Japan will not take part in China's offer - accepted by the International Olympic Committee - to provide vaccines for "participants" in the postponed Tokyo Games and next year's Beijing Winter Games.
Olympic Minister Tamayo Marukawa said Friday that Japan had not been consulted by the IOC about the Chinese vaccines, and that Japanese athletes would not take them. She said the vaccines have not been approved for use in Japan.
"We have been taking comprehensive anti-infectious disease measures for the Tokyo Games in order to allow participation without vaccinations," Marukawa said. "There is no change to our principle of not making vaccinations a prerequisite."
Announced by IOC President Thomas Bach on Thursday, the surprise deal comes as China faces mounting international pressure over the internment of at least 1 million Muslim Uyghurs, which has been labeled a "genocide" by several governments and human rights bodies.
The IOC has indicated it is a sports body and will not meddle in domestic issues in China.
The IOC initially said it would not require athletes to get vaccines, but only encourage it. The deal with China puts more emphasis on getting vaccines to young, healthy athletes and others.
The IOC has said it will pay for the vaccines but gave no indication of the cost or quantity.
Marukawa pointed out that the Olympics are being held as if vaccines are not available, relying on testing, masks, social distancing and keeping athletes in a "bubble."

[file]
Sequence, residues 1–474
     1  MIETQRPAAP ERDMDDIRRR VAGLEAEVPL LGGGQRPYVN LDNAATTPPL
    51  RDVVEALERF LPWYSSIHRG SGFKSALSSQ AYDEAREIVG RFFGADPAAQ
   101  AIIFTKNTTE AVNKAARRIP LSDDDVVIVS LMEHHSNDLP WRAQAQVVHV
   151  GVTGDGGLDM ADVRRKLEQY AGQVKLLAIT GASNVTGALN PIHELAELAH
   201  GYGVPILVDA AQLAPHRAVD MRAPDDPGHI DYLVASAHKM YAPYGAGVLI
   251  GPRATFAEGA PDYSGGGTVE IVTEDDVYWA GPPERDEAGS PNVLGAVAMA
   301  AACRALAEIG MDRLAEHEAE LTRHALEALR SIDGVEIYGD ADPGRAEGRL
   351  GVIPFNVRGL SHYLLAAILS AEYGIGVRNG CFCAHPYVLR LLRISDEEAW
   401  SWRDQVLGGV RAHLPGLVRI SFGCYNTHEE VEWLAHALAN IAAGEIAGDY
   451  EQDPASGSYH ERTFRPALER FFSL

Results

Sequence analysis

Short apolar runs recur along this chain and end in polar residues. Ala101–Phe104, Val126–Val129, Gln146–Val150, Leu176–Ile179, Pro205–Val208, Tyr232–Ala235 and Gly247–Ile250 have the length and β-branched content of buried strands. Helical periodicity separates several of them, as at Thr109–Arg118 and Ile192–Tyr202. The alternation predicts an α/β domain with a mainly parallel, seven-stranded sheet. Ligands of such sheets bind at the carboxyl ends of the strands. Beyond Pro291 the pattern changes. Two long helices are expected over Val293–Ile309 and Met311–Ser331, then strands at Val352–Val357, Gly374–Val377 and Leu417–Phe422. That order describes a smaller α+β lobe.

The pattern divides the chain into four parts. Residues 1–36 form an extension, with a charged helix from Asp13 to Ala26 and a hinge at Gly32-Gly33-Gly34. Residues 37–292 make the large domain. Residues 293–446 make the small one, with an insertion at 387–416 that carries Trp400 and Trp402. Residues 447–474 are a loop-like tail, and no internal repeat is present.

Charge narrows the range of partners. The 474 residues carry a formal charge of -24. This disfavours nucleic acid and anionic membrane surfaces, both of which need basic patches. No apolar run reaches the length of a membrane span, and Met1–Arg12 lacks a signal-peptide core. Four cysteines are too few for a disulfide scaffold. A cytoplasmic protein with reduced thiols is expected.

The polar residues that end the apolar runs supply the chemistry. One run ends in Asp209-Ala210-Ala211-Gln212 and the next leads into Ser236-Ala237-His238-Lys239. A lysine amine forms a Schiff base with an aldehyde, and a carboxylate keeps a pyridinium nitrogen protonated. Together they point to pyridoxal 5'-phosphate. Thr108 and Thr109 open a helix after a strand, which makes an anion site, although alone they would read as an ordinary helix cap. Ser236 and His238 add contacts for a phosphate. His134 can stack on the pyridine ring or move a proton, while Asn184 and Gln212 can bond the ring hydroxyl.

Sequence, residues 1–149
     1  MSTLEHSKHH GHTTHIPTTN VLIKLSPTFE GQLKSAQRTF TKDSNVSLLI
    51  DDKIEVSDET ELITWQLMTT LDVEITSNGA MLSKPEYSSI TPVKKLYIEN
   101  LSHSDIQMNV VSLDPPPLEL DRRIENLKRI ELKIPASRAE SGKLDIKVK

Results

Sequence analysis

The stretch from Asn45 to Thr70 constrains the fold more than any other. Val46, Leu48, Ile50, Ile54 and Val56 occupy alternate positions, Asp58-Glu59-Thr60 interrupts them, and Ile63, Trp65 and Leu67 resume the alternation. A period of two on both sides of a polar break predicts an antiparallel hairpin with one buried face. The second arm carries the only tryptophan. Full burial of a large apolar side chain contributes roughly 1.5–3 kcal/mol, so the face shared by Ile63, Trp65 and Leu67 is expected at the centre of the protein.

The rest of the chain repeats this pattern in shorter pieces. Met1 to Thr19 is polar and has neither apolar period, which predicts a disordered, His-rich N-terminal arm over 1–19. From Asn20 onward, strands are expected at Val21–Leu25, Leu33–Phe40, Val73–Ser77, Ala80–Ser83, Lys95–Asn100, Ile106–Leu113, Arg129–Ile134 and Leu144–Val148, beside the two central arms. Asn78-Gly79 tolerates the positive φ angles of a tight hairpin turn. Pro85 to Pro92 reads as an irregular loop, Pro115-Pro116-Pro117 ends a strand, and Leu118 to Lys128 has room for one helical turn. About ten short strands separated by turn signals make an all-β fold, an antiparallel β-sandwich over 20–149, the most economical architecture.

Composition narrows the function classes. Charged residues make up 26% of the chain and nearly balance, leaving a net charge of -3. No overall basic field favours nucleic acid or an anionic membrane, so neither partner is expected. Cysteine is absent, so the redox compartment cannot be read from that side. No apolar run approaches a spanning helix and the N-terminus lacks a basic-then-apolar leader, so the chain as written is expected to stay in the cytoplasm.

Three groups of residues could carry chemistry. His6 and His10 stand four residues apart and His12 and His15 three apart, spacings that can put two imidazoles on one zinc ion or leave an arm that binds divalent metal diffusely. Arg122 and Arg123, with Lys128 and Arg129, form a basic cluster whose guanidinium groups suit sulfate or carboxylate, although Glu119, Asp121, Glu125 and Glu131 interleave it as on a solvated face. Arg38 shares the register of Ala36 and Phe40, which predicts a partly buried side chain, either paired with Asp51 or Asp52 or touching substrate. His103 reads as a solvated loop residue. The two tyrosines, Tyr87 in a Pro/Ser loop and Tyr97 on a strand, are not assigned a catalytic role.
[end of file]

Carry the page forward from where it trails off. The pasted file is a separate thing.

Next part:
Distribution of China's vaccine will be through international agencies or existing vaccine agreements countries have with China, Bach said.
The IOC clarified on Friday that athletes in countries which have not authorized Chinese vaccines for use could not benefit from the program.
"This offer will really only apply to (national Olympic committees) in territories where the Chinese vaccination has been approved by their national health authorities," said James MacLeod, the IOC official who works with those Olympic bodies.
China, where the COVID-19 outbreak emerged in late 2019, has actively engaged in vaccine diplomacy, using doses developed by Sinovac and Sinopharm. Trials have produced generally lower levels of efficacy than vaccines produced outside China.
Bach said Thursday "that a significant number of Olympic teams have already been vaccinated." He did not name the countries.
"The IOC will make every effort to have as many participants in the Olympics and Paralympic Games arriving already vaccinated in Japan this summer," Bach said.
Tokyo organizing committee president Seiko Hashimoto, in a news conference on Friday, said people coming to Japan with vaccinations might help reassure a skeptical public.
About 80% of Japanese in recent polls say the Olympics should be postponed or canceled, and almost as many do not want fans from abroad.
Hashimoto said again that the decision on fans from overseas will be made before the torch relay begins on March 25. Numerous reports in Japan say the decision has already been made to ban foreign visitors.
She also said a decision on venue capacity will be made in April.
"The sooner the better," she said. "At an earlier stage it is better to present the direction. We’ve been receiving requests to make the decision sooner."
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